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unity of religious and political sympathy. Instinct with devotional and polemical fervour, American religion passed through the successive stages from ecclesiastical domination to toleration, and from that to divorce of Church and State, till the dominion of religious liberty has become more potent than that of absolute hierarchy, and religion seems destined to greater supremacy than where Church and State are united. Voluntary religion, always progressive with civil liberty, was in the grain of American institutions before its incorporation with the federal and state constitutions of the United States. Religious freedom preceded the Revolution. The Church of England was the established church, but tithes and glebes were hardly known. While nearly the whole of a vast scarcely inhabited country was part of the See of London, Church democracy was working its independence of all the old jurisdictions. In that respect so little cause of complaint existed that the Declaration of Independence, in its catalogue of grievances, mentions no religious abuse. No Unitarian scruple prevented Franklin and Adams from signing the definitive treaty of peace with

Great Britain, in the name of the most holy and undivided Trinity, nor did repugnance to Slavery forbid Jay, together with them, from subscribing to the English stipulation that negroes are property. The Articles of Confederation bound the states to assist each other against all attacks upon any of them on account of religion. But the last line of the federal constitution merely declares that no religious test shall ever be required as a qualification for any office or public trust; to which sparing salvo the first amendment adds, that Congress shall make no law respecting the establishment of religion, or prohibiting the free exercise thereof. The state constitutions, more appropriate repositories of such provisions, abound with interdicts of all connection between Church and State and with protections for the rights of conscience.

Christianity is claimed throughout the United States as the religion of self government, the appropriate faith of republicanism. Spontaneous piety produces ecclesiastical establishments of all kinds, and pastoral influences are at least as numerous and effectual as wherever religion is part of politics. Toleration is an American reality;

mere sufferance is unknown. States, society, seminaries of education, families, experience no annoyance from variety of creeds. Most of the education proceeds from clergymen; and is equally acceptable, whether the teacher be a Presbyterian, a Jesuit, or a Quaker. The teacher's merit is, that he is qualified to teach, not that he is of any particular creed. The extensive school system begun in New England and extending everywhere, fortifies clerical authority by uniting the power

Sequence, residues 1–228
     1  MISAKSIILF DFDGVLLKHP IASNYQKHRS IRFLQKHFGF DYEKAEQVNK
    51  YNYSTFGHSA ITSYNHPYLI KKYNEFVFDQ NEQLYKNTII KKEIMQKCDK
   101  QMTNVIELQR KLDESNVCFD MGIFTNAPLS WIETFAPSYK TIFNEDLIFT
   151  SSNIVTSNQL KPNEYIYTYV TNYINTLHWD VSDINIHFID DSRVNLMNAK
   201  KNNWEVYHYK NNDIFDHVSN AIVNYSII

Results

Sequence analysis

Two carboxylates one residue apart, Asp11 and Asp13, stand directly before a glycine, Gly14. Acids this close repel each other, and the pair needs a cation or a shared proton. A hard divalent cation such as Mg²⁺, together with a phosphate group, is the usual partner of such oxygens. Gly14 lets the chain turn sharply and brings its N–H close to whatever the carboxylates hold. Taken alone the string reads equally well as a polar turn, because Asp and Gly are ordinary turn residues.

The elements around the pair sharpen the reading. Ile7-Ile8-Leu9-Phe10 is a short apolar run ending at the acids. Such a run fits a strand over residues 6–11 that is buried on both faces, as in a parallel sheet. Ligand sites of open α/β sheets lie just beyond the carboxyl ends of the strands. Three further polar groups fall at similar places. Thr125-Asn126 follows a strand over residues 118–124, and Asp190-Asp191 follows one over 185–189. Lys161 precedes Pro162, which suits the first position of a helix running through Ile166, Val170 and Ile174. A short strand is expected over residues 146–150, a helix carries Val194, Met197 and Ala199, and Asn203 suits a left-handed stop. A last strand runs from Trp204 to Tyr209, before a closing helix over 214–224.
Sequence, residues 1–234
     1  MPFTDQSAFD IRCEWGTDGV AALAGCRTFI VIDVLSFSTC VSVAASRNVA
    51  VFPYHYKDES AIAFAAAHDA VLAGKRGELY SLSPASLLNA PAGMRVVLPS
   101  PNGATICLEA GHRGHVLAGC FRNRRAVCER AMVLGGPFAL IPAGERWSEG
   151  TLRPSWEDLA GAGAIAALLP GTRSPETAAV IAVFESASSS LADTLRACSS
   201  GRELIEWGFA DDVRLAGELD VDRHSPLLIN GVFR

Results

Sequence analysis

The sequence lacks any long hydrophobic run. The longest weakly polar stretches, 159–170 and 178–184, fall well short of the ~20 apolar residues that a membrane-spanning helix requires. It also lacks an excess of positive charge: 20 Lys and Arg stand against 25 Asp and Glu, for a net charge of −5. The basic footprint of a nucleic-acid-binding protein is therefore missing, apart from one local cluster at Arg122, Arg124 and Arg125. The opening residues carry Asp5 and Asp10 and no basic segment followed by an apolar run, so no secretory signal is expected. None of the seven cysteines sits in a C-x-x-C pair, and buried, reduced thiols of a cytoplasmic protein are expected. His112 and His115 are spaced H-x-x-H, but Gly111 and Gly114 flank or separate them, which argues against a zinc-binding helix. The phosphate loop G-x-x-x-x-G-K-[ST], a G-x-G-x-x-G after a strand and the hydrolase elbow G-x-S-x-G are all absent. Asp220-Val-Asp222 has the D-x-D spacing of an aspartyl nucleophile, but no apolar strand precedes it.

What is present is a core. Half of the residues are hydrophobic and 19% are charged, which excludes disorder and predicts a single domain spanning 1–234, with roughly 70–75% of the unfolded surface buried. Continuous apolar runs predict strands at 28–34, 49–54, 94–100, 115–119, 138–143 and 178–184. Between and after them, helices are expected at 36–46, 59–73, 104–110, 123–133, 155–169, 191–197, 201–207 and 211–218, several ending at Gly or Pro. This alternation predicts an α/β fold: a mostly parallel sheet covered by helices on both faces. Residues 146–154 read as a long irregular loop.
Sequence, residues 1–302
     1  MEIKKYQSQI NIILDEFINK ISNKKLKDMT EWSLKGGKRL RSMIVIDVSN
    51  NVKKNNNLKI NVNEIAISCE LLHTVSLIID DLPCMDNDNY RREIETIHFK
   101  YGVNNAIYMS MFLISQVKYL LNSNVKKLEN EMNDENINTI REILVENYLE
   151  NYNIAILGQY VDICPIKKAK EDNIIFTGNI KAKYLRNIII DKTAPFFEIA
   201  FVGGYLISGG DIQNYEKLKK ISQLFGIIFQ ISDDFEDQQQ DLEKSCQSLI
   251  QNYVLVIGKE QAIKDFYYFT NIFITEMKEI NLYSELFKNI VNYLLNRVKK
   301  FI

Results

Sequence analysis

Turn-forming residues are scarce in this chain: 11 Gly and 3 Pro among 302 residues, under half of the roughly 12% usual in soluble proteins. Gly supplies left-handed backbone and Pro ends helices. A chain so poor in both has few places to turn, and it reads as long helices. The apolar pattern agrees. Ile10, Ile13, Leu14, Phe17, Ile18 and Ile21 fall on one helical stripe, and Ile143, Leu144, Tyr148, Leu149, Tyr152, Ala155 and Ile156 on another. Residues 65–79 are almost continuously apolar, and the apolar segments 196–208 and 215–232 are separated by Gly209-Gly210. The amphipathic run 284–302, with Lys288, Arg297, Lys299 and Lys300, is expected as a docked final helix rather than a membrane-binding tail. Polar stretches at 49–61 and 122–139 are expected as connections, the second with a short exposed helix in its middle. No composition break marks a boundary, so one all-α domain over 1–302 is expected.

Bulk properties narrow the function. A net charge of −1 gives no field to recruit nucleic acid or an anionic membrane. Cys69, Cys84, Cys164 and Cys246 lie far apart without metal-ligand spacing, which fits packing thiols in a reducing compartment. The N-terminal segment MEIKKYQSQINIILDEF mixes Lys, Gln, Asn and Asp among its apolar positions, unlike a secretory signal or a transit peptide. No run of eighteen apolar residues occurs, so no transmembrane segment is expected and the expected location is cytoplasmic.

of knowledge to the strongest of feelings. Religious principle thus strengthened by toleration, political separation of Church from State has had the further unlooked for result of aggrandizing the Church by irresistible influence, beyond that of political government. So intense is religious feeling that political rights are even rejected by some because Christianity is not acknowledged by the constitution. It is inseparably connected with the whole frame of society. American separation of Church and State binds them together more closely than ever. Religion is the essence of governing, though government be dissevered from it. Its authority in America exceeds that of the political govern

ment. As government forbears, religion interposes and becomes the cement of the community. The divorce of Church from State, while it annuls compulsive obedience and support, substitutes the stronger tie of voluntary attachment, which is often enthusiastic. It is only necessary to observe how the Sabbath day is kept holy throughout the United States, to be sensible of the extensive, nearly universal predominance of Church discipline. Free religion has raised up a predominant Church, composed of all creeds, which rivals, if it does not regulate, the commonwealth. The American Church is as well if not better organized than the American State. It has its polity, its officers, its constituency, its numerous sects and controversies; all moving together for religious supremacy.

It is a dynasty of more unity, perhaps of greater perpetuity, than the State. Religious associations, charitable and beneficial institutions, combine masses of intelligence, wealth and żeal; all the elements of union, activity and control. The Church has more seminaries of learning than the State; more constant, ardent and able advocates; its offices are mostly filled by educated men;


there is no rotation in office among them; the incumbent is always so by life tenure; if he behaves well, from eighteen to eighty years of age his services, influence, and maintenance do but in

Ecclesiastical jurisdiction is universal, active and uncontradicted, while that of the State is limited, forbearing, timid and often frustrated. The State does not interfere with the Church; while the Church is continually regulating the State. Religion in the United States is a vocation more attractive, absorbing and profitable than politics. The pecuniary contributions to ecclesiastical purposes, and their affiliated objects in the United States exceed many millions of dollars a year; probably as much as an established State Church would cost, perhaps as much as the federal government does cost. Church missionary establishments, both foreign and domestic, are more extensive and expensive than any relations maintained by the federal government. Bible, temperance, abolition of slavery societies, and various other combinations, open, ardent, opulent and numerous, are constantly in energetic action. They rival, check, and control political government.

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